What’s the point of an awesome graphic if it is pixelated, or takes minutes to load? Image resolution is an important balancing act to navigate throughout entire websites. Full-width A spot images can be particularly tricky. Make sure the imagery you plan to use above the fold comes in a high enough resolution to look crisp while also loading quickly. According to HubSpot, “The ideal size for a full-screen hero image is 1,200 pixels wide with a 16:9 aspect ratio.” However, in cases where extra importance is placed on having crisp images, a width of 1,800 pixels is acceptable. Note that site speed may be impacted for some visitors. Also consider that mobile devices comprise a large amount of website traffic and must be taken into account. HubSpot remarks that “The ideal size for a mobile hero image is 800 x 1,200 pixels.”
When in doubt, start large and work your way down. Images can always be downscaled to smaller dimensions but can never be made larger without losing quality. There are image compression tools (we like TinyPNG) that can be used on websites to ensure file sizes remain manageable. Along with the target dimensions listed above, also aim for images that are under 1 MB in size.
With mobile devices becoming an ever-increasing source of website traffic, make sure your above the fold content (and entire website) is appropriately responsive. Ensure that elements reformat to accommodate a range of different screen sizes both vertically and horizontally. Hero images are usually coded to scale automatically to the width of the screen while text is re-flowed so that lines “break” at appropriate places so that text remains visible regardless of screen size.
While header text may look great on top of a portion of an image on desktop, a collapsed mobile A spot may place text on top of busy or poorly-contrasting parts of the same image, reducing the readability of the header text. Consider using alternate images for mobile when these situations occur. A simple solution for this is to experiment with repositioning or adjusting the brightness of the image to be sure your header text is readable on mobile. Another option may be to separate the text and image into separate, stacked elements on mobile. While more dramatic changes can be made as well, it is important that the overall message remains consistent on both desktop and mobile. Here at SmartAcre, we can help create customizable A spots that allow different images to be selected based on screen size.
It is essential for above the fold content to be tailored to suit your target audience. As the part of a website that provides visitors with a first impression, the mood that it evokes and the visual cues that it employs need to align with overall brand style. The hero section should give visitors a taste of what they can expect from the rest of the page and website as a whole. If brand voice dictates remaining informational and objective, write content and images that follow that direction. Likewise, if fun and informal verbiage is called for, try to also push imagery in that direction (see Tip #8) so that the content is working together toward the same message.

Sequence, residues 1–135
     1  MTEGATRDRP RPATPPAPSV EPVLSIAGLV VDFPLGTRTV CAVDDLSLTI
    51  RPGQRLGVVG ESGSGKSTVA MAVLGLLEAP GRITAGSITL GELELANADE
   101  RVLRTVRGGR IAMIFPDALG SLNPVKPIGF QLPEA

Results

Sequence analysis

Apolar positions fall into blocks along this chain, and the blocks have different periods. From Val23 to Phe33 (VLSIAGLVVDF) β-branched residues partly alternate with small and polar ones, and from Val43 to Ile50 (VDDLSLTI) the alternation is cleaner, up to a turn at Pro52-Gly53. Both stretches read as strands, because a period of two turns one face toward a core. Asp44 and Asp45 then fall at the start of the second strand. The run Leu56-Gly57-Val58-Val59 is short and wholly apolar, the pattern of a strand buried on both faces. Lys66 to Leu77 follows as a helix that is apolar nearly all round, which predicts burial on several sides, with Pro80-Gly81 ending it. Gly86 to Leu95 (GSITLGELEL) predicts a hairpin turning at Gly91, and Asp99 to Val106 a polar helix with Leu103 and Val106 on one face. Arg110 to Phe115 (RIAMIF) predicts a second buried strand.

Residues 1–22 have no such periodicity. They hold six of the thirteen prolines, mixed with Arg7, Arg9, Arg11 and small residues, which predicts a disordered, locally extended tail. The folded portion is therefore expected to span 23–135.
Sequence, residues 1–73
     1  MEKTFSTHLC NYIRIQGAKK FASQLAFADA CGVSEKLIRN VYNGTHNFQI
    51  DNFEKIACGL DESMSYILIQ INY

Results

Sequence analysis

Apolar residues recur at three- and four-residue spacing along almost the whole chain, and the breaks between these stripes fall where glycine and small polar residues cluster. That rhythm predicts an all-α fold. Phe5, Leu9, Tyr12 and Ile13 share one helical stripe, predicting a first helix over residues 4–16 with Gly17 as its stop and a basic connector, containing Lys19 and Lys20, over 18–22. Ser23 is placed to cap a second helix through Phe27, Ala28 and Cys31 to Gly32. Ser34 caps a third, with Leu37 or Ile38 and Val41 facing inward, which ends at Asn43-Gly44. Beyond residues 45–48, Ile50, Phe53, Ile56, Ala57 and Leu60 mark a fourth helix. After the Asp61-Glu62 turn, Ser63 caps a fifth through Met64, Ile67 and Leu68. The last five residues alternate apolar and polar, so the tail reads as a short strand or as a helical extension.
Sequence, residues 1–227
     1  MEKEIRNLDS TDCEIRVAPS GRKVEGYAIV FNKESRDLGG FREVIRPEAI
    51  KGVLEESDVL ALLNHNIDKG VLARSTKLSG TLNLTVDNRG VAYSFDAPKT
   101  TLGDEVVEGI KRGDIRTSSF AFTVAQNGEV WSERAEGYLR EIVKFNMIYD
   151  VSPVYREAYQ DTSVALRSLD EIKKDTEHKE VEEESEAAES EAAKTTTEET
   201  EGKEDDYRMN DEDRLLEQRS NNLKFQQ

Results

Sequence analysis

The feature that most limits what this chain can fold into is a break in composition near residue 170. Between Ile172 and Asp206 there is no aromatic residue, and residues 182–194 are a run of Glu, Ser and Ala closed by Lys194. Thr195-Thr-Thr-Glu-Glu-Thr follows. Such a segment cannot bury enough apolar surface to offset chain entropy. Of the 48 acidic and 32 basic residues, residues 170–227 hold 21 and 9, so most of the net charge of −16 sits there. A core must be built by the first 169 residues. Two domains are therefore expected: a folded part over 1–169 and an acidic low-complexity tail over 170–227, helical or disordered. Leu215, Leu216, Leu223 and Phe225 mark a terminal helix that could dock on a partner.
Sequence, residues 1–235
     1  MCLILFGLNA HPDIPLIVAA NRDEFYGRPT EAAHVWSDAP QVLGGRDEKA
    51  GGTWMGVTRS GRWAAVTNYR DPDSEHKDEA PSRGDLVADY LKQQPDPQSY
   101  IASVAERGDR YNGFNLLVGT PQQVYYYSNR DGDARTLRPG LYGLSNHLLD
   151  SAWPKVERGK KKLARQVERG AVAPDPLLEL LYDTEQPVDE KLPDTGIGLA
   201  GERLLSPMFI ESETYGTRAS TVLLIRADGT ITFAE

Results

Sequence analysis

We’ve already established that above-the-fold content is important. But we also know that there is valuable content sitting below the fold! Help your visitors to explore this content by avoiding elements on a webpage that might be interpreted as a “false floor”– a place where content appears to end but actually continues. Include visual cues, such as a down arrow, in your hero section that let visitors know that they should scroll down to find more content.
Design elements that are often interpreted as a false floor include hero sections that fill the entire viewport, prominent full width divider lines, excessive vertical negative space, and intrusively placed ads. While it may look sleek and trendy to have a strong hero section take up the entire screen, these attention-hogging design features often keep visitors from scrolling down and engaging with a webpage further. Instead, allow some content below the hero section to sit partially above the fold. This simple change makes a huge difference in subconsciously cuing visitors to scroll down.
Since the area above the fold is prime real estate, make sure your strongest and most relevant call to action is at the top. It is common to want to bury CTAs at the bottom of pages after visitors have read through the content; but giving visitors a clear next step at the top of the page is a much better tactic for engaging and converting visitors. Add emphasis to CTA buttons by using a strongly contrasting color that draws visitor’s attention. In most cases, a single button will do. However, if a situation calls for two separate buttons, make sure they are different colors so that it is clear that each will lead to a different action.
While static elements can be incredibly impactful on their own, consider using animation or interactivity for additional excitement. Use in moderation and with purpose, however, so you do not over-complicate the experience for visitors or distract from your message. Utilizing video, image sliders, and hover effects can surprise visitors and help them feel connected and engaged with the content being presented.